Dimensionality reduction. High-dimensional data requires a lot of computational complexity and can slow down your systems. During data preprocessing, you can conduct dimensionality reduction, a process that will reduce the number of features in your data, while keeping the essential information.
Improved privacy and security. Sometimes, to comply with privacy regulations or user requests, you need to go for measures such as anonymization. During preprocessing, you can anonymize or redact sensitive information to ensure compliance and security.
Faster analysis. When data is in a uniform format, free of errors or other issues, the entire analysis process will be faster.
Data preprocessing for machine learning and AI
Both ML and AI algorithms work best when they have large quantities of good data. Without data preprocessing, these algorithms will sooner or later fail.
ML and AI learn from the data they receive. If they’re receiving incorrect information, their conclusions will include bias and incorrect facts.
Plus, most machine learning algorithms simply won’t work on raw data. You need to first transform it so that it fits the requirements of the ML algorithm.
The same is often true with AI algorithms. Each algorithm will expect a certain format for the data. If you give it the wrong format, the algorithm might work, but the results will be suboptimal. AI algorithms are also known to be prone to bias. They can’t tell the difference between right and wrong, so ensuring data accuracy is critical.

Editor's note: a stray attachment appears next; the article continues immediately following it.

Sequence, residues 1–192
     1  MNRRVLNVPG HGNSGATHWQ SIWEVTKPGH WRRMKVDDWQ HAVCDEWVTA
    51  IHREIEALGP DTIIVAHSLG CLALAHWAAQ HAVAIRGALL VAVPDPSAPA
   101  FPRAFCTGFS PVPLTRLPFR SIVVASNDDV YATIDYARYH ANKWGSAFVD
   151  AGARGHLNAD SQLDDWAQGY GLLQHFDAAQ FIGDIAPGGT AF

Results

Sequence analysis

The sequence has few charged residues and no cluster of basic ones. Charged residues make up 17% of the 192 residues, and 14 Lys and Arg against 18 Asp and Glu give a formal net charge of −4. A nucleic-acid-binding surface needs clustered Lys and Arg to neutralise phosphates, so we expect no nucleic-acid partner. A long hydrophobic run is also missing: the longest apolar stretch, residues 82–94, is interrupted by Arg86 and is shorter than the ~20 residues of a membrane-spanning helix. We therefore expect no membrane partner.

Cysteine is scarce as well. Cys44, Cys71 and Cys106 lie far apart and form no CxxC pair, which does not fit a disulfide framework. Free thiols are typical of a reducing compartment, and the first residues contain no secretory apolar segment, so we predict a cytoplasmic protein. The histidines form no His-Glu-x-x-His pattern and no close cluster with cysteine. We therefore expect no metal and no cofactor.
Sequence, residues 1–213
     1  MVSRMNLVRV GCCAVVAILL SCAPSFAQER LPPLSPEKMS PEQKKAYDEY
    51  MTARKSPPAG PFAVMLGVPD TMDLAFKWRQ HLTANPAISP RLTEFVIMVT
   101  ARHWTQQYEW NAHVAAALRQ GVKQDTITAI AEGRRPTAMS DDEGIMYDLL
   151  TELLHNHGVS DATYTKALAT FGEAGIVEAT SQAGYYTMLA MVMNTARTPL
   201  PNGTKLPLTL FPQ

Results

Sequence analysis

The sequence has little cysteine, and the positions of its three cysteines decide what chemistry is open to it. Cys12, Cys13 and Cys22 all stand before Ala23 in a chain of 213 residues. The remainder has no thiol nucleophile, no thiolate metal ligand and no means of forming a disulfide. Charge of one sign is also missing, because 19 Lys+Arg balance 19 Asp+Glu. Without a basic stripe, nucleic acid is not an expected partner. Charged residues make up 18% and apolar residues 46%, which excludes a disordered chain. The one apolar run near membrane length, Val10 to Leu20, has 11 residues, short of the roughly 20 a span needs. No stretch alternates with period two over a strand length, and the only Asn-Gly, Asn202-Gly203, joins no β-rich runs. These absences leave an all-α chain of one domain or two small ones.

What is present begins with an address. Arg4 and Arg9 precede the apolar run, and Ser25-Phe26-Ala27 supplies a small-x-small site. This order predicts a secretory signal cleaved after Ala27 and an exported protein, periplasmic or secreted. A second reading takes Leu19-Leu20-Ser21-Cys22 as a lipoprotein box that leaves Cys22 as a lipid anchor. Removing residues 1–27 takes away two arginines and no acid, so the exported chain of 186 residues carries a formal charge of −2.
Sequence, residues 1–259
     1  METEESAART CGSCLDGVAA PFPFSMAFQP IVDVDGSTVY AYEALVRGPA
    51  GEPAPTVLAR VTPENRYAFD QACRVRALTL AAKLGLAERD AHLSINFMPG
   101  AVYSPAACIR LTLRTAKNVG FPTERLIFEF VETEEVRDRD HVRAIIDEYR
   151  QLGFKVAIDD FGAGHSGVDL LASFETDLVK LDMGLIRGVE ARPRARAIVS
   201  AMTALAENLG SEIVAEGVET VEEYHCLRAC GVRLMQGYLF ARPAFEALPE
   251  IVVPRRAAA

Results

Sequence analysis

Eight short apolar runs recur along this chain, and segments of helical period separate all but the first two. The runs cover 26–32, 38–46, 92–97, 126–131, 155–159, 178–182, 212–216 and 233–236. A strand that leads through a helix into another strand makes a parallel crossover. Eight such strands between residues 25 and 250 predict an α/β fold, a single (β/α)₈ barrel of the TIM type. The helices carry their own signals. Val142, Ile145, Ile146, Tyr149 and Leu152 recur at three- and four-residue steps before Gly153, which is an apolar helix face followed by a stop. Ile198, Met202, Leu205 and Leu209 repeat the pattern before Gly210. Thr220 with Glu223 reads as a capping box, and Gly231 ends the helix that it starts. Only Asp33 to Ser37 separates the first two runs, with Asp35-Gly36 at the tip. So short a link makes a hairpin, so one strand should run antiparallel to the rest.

4 key data preprocessing steps
Data preprocessing has four key steps:
Data quality assessment
Let’s take a closer look at each one.
1. Data quality assessment
On a first look, your data may appear correct, but is it really? Before you can start working with it and preparing it for processing, you must run a quality assessment to verify that your data is, in fact, correct. Common issues that arise, especially when you collect information from multiple sources, include:
Mismatched data types. Different sources can have data in different formats, which will make it almost impossible for machines to interpret everything correctly.
Missing data. Sometimes data is incomplete. That could be due to human or machine error. Regardless of the cause, it will skew your results and needs to be addressed.